Critics charged that such a system would amount to censorship on a global scale. Many of these critics have noted that similar schemes, while described as "self-regulation", have been converted into law and enforced by governments in several countries.

For more on GILC's response to these developments, see news item [13] below.

For official webpage of the summit, see

For more information, see Courtney Macavinta, "AOL, others plan global Net content rating system", CNET, September 2, 1999, at,4,41248,00.html

[2] GILC Member Statement for the Bertelsmann Internet Content Summit

GILC has published a member statement in response to recent attempts to create an Internet rating and filtering system. The statement was submitted to the Internet Content Summit, but was drfted prior to the release of the Bertelsmann Foundation‚s report. Here is a summary:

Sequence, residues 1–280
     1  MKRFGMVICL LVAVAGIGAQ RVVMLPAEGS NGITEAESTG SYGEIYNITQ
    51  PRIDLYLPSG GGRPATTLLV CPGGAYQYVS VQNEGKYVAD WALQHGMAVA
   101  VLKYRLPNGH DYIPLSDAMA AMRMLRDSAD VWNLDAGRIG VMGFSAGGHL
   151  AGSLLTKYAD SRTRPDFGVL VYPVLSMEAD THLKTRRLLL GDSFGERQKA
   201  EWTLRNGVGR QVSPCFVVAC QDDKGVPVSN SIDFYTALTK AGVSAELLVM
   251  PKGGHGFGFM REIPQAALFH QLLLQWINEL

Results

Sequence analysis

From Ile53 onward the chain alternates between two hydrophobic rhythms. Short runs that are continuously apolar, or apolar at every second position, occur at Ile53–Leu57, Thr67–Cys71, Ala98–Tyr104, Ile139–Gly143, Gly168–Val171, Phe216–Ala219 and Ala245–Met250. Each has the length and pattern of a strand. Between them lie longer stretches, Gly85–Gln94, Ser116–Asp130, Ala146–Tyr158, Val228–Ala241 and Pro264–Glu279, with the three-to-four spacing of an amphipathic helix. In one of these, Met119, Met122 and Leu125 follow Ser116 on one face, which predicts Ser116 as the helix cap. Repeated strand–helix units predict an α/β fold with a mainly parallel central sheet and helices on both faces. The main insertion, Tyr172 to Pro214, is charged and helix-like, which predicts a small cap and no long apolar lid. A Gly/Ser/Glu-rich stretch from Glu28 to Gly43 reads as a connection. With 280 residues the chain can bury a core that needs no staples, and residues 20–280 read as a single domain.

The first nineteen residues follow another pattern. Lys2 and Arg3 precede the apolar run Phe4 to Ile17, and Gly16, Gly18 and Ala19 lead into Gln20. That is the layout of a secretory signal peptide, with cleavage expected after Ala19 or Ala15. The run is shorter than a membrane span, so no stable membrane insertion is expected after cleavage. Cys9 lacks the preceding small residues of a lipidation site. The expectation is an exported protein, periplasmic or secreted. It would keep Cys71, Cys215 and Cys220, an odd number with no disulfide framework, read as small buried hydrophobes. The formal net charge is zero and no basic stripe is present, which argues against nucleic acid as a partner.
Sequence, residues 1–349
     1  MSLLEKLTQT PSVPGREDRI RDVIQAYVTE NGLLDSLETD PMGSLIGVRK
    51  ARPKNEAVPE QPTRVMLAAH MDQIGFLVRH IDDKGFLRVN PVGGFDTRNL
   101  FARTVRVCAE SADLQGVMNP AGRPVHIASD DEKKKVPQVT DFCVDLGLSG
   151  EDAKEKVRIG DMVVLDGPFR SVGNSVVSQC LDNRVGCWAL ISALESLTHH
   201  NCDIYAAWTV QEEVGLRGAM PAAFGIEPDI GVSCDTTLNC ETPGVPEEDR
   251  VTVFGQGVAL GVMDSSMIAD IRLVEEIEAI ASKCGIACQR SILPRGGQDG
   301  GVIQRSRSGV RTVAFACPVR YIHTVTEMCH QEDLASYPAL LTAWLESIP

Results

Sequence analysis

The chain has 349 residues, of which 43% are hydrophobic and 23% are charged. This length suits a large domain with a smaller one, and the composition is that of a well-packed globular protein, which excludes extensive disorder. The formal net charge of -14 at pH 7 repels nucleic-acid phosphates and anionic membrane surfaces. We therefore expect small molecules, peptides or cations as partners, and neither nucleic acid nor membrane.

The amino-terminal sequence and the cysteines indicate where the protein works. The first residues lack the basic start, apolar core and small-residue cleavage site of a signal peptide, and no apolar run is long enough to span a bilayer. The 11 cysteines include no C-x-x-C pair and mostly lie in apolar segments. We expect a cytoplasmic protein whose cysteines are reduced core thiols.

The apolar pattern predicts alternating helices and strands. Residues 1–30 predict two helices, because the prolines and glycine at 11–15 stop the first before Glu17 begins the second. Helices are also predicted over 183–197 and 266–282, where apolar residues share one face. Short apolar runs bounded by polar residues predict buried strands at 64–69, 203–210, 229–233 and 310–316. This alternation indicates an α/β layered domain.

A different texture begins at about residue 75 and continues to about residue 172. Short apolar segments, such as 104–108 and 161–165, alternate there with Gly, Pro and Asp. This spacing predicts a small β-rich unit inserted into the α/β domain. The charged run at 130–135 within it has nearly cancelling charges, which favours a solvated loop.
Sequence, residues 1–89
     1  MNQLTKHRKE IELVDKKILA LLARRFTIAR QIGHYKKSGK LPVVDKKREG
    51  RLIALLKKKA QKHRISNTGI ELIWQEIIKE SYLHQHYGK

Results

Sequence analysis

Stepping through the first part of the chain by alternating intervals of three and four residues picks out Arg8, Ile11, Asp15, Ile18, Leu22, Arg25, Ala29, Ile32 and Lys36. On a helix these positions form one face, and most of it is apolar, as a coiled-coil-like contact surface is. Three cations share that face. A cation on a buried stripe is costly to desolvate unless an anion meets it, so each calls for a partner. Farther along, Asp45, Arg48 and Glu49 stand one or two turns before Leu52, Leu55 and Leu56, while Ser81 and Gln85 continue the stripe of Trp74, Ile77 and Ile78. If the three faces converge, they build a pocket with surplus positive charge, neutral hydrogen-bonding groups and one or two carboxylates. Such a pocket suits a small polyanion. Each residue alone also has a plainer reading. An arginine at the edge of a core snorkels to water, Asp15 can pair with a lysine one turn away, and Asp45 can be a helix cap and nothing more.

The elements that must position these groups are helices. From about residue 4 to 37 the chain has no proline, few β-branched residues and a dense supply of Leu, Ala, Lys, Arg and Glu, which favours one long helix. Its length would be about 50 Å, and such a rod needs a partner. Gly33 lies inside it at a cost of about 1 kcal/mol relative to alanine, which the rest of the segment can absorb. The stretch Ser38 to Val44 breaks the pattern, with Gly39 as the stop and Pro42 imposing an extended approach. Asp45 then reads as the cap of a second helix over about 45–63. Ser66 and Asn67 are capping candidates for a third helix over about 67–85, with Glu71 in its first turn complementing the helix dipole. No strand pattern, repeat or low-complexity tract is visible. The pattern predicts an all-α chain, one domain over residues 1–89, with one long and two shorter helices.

The creation of an international rating and filtering system for Internet content has been proposed as an alternative to national legislation regulating online speech. Contrary to their original intent, such systems may actually facilitate governmental restrictions on Internet expression. Additionally, rating and filtering schemes may prevent individuals from discussing controversial or unpopular topics, impose burdensome compliance costs on speakers, distort the fundamental cultural diversity of the Internet, enable invisible "upstream" filtering, and eventually create a homogenized Internet dominated by large commercial interests. In order to avoid the undesirable effects of legal and technical solutions that seek to block the free flow of information, alternative educational approaches should be emphasized as less restrictive means of ensuring beneficial uses of the Internet.